Dealing With Asbestos In Your Garage Roof: Advice For Homeowners

If you're looking to install a new garage, you may need to work out how to deal with the old one first. Demolishing a brick garage may seem like a relatively easy task, but if the original builders used an asbestos roof, the job could become much more complex. Asbestos is a dangerous material that can cause serious human health problems. Learn more about the dangers of asbestos, and what you need to do to safely dispose of an asbestos garage roof.

Why builders used asbestos

For many years, asbestos was one of the most commonly used materials in the Australian construction industry. Australia had the highest per capita use in the world from the 1950s through to the 1980s.

Between World War II and 1954, builders constructed 70,000 new homes in New South Wales using asbestos cement, and you will find the material throughout the country. Indeed, experts estimate that 98 percent of Australian homes built before 1976 contained some asbestos products.

Builders favoured asbestos because it was cheap, durable and had natural insulating properties. Construction companies commonly used asbestos for flat, patterned and corrugated wall and roof sheeting, roof guttering and brick cladding on homes and garages.

Health risks from asbestos

Builders stopped using asbestos in the 1980s, after doctors discovered that the material could cause serious health conditions. People exposed to asbestos fibres (during construction or around asbestos buildings) can inhale tiny particles. These particles can then cause several life-threatening conditions, including:

  • Mesothelioma (cancer of the lining of the lungs)
  • Lung cancer
  • Asbestosis (scarring of the lungs)
  • Pleural thickening (a problem where the lung lining thickens and swells)

These illnesses are deadly. To make matters worse, doctors cannot normally detect the symptoms of these diseases until the condition is at an advanced stage. As a result of these risks, Australia finally banned asbestos in construction in 2003. That aside, anybody who wants to renovate an older building (including garages, sheds and outhouses) must carefully consider the risks of asbestos.

Spotting asbestos products

It's not always easy to tell if part of your home has asbestos in it with a visual inspection. If builders installed your existing garage before 1980, it's likely that they may have used asbestos materials. These materials pose no risk if you leave them intact. It is only during removal when the risk increases, as you may release the particles and fibres.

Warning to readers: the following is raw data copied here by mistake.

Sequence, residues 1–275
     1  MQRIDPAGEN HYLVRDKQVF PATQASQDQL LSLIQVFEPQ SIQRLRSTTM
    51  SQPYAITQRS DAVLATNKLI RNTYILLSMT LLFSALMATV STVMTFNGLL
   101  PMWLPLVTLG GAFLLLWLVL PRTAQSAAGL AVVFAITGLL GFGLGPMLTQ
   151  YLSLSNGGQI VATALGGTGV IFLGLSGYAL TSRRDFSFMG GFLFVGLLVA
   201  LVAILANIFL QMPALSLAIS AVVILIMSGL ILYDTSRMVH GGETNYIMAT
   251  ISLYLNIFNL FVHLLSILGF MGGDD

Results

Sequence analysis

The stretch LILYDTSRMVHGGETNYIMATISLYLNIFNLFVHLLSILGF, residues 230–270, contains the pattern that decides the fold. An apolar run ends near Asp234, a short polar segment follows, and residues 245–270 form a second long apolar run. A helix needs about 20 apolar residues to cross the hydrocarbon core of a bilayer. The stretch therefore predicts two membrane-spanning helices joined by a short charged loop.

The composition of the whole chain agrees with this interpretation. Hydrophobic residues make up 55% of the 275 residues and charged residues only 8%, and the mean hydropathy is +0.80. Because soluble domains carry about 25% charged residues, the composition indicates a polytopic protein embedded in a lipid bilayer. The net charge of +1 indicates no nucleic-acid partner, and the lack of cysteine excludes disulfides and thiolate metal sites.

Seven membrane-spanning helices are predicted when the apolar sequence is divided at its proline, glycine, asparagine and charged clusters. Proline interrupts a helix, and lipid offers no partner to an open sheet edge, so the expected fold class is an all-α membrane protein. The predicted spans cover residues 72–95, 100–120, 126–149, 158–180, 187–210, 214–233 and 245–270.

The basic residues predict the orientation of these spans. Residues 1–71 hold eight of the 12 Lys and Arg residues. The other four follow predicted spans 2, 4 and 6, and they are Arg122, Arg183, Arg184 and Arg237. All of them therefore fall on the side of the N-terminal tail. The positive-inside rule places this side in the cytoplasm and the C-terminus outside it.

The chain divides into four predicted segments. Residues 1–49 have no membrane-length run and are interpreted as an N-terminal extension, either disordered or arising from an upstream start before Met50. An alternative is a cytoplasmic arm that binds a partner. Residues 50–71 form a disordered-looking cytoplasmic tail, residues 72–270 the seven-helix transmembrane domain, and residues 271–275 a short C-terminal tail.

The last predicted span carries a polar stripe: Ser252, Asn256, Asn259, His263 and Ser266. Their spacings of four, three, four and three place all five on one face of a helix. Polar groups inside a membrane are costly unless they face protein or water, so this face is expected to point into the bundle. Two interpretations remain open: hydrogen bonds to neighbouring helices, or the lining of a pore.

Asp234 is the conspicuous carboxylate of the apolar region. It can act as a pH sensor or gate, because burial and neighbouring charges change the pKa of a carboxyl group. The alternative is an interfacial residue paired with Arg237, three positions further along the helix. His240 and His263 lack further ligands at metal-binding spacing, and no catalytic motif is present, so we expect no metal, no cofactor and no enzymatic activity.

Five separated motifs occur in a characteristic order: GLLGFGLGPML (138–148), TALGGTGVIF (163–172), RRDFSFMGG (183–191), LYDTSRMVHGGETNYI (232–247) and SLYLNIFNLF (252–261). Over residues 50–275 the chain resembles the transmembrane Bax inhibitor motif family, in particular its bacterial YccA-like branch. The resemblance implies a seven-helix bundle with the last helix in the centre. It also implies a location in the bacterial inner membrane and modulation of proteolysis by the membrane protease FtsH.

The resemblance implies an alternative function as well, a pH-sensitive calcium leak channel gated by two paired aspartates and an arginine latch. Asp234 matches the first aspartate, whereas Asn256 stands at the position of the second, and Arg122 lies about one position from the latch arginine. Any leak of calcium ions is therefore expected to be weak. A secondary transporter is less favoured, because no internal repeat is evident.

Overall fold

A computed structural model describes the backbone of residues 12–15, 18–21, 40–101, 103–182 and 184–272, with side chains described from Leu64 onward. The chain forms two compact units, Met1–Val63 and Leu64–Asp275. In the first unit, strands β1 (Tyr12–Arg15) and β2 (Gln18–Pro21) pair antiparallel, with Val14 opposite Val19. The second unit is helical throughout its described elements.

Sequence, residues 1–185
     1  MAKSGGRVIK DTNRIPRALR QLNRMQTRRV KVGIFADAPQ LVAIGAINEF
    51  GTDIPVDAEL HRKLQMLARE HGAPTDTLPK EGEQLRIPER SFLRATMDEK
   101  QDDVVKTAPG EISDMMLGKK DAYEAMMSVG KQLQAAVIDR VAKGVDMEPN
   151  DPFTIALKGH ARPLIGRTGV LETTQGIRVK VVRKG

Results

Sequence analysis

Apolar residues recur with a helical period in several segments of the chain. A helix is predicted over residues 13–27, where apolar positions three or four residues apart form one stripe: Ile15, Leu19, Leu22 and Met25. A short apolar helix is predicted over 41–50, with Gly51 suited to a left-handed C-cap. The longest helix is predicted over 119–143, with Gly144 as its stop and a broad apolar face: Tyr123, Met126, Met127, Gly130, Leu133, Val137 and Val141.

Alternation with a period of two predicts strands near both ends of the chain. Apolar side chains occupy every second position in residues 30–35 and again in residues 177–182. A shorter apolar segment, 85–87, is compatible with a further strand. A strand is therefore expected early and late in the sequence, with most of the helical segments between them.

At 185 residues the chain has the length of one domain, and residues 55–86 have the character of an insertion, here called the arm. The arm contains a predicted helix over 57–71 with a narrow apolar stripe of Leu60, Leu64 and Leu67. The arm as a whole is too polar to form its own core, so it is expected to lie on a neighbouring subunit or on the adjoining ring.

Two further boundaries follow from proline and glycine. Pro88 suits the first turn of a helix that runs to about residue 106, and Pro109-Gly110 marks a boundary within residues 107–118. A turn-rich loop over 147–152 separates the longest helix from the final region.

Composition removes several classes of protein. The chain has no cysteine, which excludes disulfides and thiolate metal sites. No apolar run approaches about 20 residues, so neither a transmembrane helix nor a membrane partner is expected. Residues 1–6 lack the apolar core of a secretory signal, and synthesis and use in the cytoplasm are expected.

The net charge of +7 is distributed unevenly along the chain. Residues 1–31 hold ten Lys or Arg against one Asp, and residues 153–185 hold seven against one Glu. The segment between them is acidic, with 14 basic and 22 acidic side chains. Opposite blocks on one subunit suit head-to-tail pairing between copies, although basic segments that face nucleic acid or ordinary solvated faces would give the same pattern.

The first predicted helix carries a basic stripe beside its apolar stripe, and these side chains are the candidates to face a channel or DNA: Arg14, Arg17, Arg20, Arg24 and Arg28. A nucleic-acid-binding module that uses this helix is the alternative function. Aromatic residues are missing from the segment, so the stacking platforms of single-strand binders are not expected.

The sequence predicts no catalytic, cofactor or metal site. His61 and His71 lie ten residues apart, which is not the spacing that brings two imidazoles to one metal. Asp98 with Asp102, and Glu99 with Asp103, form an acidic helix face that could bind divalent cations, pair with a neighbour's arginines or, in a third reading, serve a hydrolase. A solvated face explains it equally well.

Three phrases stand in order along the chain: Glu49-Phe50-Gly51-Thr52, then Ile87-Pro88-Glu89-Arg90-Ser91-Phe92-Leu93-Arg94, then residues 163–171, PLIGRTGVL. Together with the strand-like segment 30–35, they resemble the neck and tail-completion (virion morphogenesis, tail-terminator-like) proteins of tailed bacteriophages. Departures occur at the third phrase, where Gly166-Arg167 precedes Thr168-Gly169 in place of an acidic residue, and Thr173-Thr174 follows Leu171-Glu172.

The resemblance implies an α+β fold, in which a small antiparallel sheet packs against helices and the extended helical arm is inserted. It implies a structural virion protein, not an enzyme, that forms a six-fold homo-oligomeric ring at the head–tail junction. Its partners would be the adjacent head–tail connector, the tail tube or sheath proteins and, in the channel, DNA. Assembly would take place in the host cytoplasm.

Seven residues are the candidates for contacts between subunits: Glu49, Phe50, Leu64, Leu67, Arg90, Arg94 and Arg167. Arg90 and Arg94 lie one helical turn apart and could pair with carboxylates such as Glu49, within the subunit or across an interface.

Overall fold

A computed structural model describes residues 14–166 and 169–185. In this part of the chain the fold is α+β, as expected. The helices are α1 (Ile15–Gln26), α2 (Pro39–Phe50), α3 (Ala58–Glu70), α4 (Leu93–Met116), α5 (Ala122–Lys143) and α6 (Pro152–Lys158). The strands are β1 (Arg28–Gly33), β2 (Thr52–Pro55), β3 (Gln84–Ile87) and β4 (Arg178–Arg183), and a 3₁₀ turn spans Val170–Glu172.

Residential homes generally used one of two types of asbestos. Non-friable/bonded asbestos materials contain the mineral mixed in with cement, and the asbestos content can range from 10 to 40 percent. Loosely bound asbestos is not commonly found in residential properties. Builders normally used this material for insulation and fireproofing in commercial buildings. The asbestos content is much higher (up to 100 percent) and loosely bound asbestos is more dangerous.

It's quite likely that a builder used non-friable asbestos in a pre-1980 garage roof. Check some of the brand names that builders used in this period, all of which contained asbestos. Ultimately, you cannot confirm that your roof has asbestos in it without a laboratory test. If you're uncertain, you should contact a specialist company for more advice.

Removing non-friable asbestos

If you need to remove more than ten square metres of asbestos, you need to get a special licence from the local authority. For smaller quantities of non-friable asbestos, you can do the work yourself, but you must still carry out the work according to the Code of Practice for Safe Removal of Asbestos. Things to consider include:

  • You cannot work with asbestos at heights without a licence 
  • You need to make sure the work area and people working on the asbestos don't get too hot
  • You must use wet and dry methods to minimise the risk of releasing particles
  • You can't use tools that create dust (including brooms and brushes)
  • You must use personal protective equipment

Safe asbestos removal isn't easy, particularly when you are getting rid of a roof. The height sometimes increases the risk that you may drop the material, and you will often need to work in an enclosed space. It's also difficult to avoid contaminating nearby areas. For example, you may need your neighbour's permission and help if you have adjoining garages.

You'll also need to safely dispose of the asbestos. You can't just take asbestos to a landfill site. Only certain sites have the facilities to deal with the material. As such, most people hire a specialist company to get rid of the material. 

Leaving the roof intact

Some homeowners decide to leave an asbestos roof intact. If the roof is watertight and in good condition, it's often easier to leave the garage alone. Indeed, you can drink rainwater safely off an asbestos roof. That aside, a damaged roof may pose health risks, particularly where you can see loose particles from the roof material

Getting rid of an asbestos garage roof is seldom easy. Asbestos poses a serious risk to human health, so it's important to think carefully about how to renovate this part of your home.